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New orbital station may emerge after 2024 - chief of Roscosmos science council

April 18, 2015, 8:43 UTC+3 MOSCOW
Yuri Koptev speculated that a national orbital station may be created on the basis of the modules that would be added on after 2017
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MOSCOW, April 18. /TASS/. The head of the science and engineering council of Russia’s Roscosmos agency, Yuri Koptev, has confirmed plans for putting in orbit a new Russian space station at some future date, possibly in the middle of the next decade.

"The draft of the federal space program for 2016-2025, which has been considered and recommended for adoption, envisages the possibility of creating a Russian orbital station on the basis of three modules of the ISS after 2024. The issue will be on the agenda if a decision is made to curtail cooperation with the current partners under the ISS program in 2024 and to terminate the operation of the existing station," he said.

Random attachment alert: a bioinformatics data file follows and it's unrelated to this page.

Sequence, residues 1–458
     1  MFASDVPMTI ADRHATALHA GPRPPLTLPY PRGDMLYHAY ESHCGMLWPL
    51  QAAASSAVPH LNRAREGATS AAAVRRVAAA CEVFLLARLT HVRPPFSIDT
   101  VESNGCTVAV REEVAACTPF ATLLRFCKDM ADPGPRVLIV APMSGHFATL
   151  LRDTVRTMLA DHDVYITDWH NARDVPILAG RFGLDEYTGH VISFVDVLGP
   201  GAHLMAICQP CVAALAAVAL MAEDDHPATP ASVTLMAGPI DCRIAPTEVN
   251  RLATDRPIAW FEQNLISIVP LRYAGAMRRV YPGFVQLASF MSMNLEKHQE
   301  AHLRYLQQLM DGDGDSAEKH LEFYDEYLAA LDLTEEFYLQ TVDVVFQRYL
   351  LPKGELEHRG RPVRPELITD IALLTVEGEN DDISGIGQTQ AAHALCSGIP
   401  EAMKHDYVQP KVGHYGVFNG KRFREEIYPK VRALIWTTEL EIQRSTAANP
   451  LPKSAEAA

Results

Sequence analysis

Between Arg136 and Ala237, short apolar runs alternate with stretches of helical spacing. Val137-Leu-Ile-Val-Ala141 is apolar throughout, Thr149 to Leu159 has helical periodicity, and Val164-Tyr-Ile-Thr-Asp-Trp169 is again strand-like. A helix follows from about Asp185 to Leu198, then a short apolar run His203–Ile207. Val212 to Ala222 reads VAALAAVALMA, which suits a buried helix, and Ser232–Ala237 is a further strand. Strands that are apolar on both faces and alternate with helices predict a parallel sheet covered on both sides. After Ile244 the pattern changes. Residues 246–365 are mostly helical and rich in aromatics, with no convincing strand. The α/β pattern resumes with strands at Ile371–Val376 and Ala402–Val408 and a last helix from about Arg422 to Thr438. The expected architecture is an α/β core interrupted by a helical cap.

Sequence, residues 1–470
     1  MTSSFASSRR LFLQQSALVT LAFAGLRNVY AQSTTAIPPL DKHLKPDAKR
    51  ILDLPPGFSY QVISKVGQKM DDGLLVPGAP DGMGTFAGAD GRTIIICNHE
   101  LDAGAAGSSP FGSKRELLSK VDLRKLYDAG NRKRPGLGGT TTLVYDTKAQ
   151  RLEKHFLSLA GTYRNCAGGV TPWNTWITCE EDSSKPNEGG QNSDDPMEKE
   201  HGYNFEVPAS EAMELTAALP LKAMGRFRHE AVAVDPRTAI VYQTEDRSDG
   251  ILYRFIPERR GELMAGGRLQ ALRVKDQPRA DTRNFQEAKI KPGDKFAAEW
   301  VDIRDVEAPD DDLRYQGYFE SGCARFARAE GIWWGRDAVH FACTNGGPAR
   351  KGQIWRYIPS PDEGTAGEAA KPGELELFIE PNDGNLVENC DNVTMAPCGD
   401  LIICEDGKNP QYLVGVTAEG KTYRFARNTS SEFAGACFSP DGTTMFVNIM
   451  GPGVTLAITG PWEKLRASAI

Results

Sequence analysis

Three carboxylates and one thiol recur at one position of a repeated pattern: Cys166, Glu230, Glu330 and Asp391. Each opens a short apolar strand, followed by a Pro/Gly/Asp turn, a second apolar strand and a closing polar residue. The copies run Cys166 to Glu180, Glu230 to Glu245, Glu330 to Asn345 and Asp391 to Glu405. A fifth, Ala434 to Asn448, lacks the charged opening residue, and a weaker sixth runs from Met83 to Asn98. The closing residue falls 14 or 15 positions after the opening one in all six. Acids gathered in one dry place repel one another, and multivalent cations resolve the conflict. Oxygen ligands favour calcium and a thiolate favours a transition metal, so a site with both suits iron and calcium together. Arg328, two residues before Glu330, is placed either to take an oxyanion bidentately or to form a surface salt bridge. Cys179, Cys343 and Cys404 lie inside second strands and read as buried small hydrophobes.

Koptev speculated that a national orbital station may be created on the basis of the modules that would be added on after 2017.

"They are being made at Roscosmos plants for expanding the Russian segment of the ISS. Originally their launches were scheduled for 2017-2018, but then postponed till 2017-2018 for various reasons," Koptev said.

If a final decision is made, the modules will be reconfigured somewhat.

"The projects will be adjusted accordingly to ensure the modules should be able to operate regardless of the ISS and serve as a basis for building and developing a future orbital station. There is a possibility we will be developing and using it in cooperation with our partners in the BRICS group. Talks with them are now in progress," Koptev said.

For the time being Russia is oriented towards cooperation under the ISS project. There are legal liabilities extending till 2020 and fundamental consent to continue partnership till 2024.

"Under that cooperation we are making plans for the expansion of the Russian segment of the station with three new modules. Their mission will be to conduct more "down-to-earth," applied work, expected to yield a tangible result," Koptev said.

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